Weekend Giant Reading: February 13 – 15, 2015

It was a crazy week for me down on the avenue of giants. See if you can spot the reason why.


It was a crazy week for me down on the avenue of giants. See if you can spot the reason why:

- In-Sourcing: It’s now official: In-sourcing asset management does in fact lead to financial outperformance versus a benchmark of peers. How do we know? CEM collected a new data set of 6,600 Giants over a 21 year period (1992 to 2013) in which it showed that “investing in investing” does, in fact, pay off.

- Selfie: The University of California will launch, with the support of the White House, an innovative climate solutions vehicle to back green energy companies. As a long-term investor with a strong belief about the shape of future energy markets, it would be imprudent NOT to try to manage the risks associated with an eventual energy dislocation through some sort of exposure, vehicle or allocation as part of our broadly diversified portfolio. So ... onward!

- Infrastructure: The US Treasury says CalSTRS will soon launch its big syndicate of US pensions to invest in local infrastructure. To be honest, since CalSTRS made the announcement with the White House back in September, I haven’t heard a peep among US public pension funds, which is a bit surprising. You’d think that a U.S. version of IFM — which is what they are shooting for apparently — would have found its way into the inboxes of at least a few of my friends. Fingers crossed something actually comes of all this ...

- Sheep & Wolves: The QIC’s transition from limited partner to general partner is nearly complete.

- Re-Intermediation: Canada’s CDPQ is launching a JV to tap into Israel’s technology industry.

- Compensay What? This Financial Times article highlights the “important” trend of pension fund CEOs making too much money. It doesn’t matter that one could cherry pick a similar list of hedge fund CEOs that get paid, quite literally, one thousand times more (1000x) than these pension CEOs — or that the only way you can bring down the compensation of the latter is to empower the former with highly talented people. Forget all that. Instead, we are meant to be very concerned that some pension employees are receiving generous compensation. Naturally, then, we should consider paying these pension employees less, right? But if we do that, will we have less qualified and talented in-house teams? Will the “reasonable” compensation packages lead to more pensions outsourcing due to a lack of talent in house? Will pensions be forced to work with intermediaries whose negotiating power is increasing thanks to the widening skills gap? Will the profits going to these intermediaries jump because they can get away with far more from unsophisticated pensions than they could when these “over-paid pension CEOs” were running the show? Will the number of financial intermediaries explode to capture some of the additional profits flowing out of pensions into intermediaries? Will the entire size of the industry end up growing? Sigh. Just a few questions to answer before we get too worried about pension compensation ...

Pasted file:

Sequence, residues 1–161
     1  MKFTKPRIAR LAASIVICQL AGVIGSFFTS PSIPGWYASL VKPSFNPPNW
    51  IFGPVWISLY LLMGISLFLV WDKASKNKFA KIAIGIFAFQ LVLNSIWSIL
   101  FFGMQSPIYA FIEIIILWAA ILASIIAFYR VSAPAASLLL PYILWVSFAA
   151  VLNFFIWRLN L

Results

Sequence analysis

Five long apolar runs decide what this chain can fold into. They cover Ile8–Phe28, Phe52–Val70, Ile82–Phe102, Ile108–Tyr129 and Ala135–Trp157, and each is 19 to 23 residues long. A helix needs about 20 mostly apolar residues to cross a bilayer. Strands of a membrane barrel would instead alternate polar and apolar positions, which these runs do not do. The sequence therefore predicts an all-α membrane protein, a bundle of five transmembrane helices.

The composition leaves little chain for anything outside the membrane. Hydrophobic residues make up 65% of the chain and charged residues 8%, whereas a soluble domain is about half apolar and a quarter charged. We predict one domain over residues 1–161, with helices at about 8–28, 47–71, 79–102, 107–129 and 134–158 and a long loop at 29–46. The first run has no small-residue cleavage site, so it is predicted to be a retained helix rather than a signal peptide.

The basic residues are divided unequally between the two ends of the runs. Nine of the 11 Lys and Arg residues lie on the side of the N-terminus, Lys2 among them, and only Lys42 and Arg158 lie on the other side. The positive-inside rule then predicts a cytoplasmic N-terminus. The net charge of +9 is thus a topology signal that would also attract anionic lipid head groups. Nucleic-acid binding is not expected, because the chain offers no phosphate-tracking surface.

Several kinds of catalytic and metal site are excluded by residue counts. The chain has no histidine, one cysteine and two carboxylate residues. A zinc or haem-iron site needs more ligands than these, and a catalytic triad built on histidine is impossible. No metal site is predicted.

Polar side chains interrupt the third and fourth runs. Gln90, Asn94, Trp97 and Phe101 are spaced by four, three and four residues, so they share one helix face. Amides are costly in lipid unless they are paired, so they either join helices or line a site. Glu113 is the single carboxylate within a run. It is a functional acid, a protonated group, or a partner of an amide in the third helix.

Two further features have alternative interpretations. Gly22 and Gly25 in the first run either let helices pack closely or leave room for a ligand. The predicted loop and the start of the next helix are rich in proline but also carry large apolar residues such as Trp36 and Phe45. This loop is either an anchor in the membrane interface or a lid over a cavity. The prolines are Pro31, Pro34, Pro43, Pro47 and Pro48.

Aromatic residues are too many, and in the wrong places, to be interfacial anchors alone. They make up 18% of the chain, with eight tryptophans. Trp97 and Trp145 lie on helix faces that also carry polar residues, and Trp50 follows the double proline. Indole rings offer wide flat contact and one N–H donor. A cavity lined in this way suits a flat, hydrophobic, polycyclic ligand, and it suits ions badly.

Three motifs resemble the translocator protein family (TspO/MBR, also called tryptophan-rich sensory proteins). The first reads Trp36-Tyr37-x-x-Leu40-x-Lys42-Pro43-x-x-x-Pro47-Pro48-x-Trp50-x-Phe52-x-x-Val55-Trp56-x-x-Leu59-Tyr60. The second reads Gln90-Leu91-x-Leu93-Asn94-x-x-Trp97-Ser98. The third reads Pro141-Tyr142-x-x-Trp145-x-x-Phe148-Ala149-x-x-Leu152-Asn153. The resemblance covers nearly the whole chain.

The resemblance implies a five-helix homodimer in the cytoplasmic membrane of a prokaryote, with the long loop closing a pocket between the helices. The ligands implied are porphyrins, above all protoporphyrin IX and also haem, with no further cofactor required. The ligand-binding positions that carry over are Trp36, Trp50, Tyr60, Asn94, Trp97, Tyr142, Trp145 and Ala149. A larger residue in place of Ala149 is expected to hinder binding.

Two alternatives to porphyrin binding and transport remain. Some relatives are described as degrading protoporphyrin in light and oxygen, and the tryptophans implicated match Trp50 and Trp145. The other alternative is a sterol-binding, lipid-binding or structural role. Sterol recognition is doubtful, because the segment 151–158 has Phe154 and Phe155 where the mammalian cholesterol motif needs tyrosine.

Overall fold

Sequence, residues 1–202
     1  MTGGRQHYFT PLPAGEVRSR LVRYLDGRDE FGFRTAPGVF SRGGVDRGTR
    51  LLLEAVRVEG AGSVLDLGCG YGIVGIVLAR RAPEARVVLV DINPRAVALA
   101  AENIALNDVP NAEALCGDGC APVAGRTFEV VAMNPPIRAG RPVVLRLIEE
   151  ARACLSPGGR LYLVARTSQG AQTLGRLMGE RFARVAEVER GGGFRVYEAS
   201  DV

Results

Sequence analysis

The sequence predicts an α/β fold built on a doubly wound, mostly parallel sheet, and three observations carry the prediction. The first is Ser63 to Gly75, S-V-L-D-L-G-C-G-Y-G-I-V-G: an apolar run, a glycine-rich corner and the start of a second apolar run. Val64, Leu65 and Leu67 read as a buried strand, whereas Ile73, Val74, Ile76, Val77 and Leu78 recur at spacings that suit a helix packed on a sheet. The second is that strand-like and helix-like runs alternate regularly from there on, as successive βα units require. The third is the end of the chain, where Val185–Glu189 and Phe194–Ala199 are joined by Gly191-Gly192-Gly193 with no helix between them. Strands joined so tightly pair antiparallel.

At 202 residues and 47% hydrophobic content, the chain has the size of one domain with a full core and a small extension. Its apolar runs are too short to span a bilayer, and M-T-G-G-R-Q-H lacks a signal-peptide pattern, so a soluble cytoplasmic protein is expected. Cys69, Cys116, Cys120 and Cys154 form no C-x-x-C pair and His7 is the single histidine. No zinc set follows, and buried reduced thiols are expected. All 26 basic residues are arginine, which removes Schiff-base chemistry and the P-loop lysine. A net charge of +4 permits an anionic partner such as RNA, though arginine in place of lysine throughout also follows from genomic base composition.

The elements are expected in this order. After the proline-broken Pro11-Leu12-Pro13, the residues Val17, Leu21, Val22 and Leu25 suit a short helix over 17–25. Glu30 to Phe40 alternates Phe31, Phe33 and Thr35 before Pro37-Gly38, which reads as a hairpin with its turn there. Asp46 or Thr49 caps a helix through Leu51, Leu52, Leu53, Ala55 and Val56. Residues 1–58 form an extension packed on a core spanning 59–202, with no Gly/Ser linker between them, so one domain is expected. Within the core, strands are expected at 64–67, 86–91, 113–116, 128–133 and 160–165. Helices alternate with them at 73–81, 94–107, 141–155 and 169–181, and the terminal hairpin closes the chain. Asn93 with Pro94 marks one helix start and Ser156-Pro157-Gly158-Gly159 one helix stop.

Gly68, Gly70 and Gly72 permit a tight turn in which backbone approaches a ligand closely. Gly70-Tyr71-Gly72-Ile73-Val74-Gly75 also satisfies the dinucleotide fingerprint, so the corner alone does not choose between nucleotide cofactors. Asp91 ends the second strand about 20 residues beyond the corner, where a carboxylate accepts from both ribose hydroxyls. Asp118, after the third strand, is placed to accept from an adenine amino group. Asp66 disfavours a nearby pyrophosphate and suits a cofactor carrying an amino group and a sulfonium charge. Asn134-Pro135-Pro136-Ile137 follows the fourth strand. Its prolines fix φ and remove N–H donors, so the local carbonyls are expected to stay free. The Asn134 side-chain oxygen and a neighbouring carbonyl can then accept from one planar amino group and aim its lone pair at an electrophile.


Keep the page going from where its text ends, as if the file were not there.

Have a great weekend!